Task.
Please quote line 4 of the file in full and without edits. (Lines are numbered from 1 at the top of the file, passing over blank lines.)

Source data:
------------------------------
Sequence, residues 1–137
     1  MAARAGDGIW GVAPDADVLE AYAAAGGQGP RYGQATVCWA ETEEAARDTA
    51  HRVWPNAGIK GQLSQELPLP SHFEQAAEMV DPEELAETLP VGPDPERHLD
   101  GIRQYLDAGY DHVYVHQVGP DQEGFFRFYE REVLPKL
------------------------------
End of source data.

   101  GIRQYLDAGY DHVYVHQVGP DQEGFFRFYE REVLPKL